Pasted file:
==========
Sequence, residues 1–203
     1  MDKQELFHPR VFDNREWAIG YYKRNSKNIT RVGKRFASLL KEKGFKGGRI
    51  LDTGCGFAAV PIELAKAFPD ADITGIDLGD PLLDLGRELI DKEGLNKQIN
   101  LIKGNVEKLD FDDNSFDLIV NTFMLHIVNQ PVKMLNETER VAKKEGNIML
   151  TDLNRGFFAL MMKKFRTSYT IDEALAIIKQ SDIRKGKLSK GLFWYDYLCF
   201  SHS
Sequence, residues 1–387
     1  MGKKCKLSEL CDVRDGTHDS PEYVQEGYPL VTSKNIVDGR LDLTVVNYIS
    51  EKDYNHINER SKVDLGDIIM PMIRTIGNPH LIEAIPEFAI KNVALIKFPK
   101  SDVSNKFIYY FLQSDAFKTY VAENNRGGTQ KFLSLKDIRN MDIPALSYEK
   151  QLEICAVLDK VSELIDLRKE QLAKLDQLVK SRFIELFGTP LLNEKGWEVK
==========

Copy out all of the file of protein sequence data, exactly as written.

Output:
Sequence, residues 1–203
     1  MDKQELFHPR VFDNREWAIG YYKRNSKNIT RVGKRFASLL KEKGFKGGRI
    51  LDTGCGFAAV PIELAKAFPD ADITGIDLGD PLLDLGRELI DKEGLNKQIN
   101  LIKGNVEKLD FDDNSFDLIV NTFMLHIVNQ PVKMLNETER VAKKEGNIML
   151  TDLNRGFFAL MMKKFRTSYT IDEALAIIKQ SDIRKGKLSK GLFWYDYLCF
   201  SHS
Sequence, residues 1–387
     1  MGKKCKLSEL CDVRDGTHDS PEYVQEGYPL VTSKNIVDGR LDLTVVNYIS
    51  EKDYNHINER SKVDLGDIIM PMIRTIGNPH LIEAIPEFAI KNVALIKFPK
   101  SDVSNKFIYY FLQSDAFKTY VAENNRGGTQ KFLSLKDIRN MDIPALSYEK
   151  QLEICAVLDK VSELIDLRKE QLAKLDQLVK SRFIELFGTP LLNEKGWEVK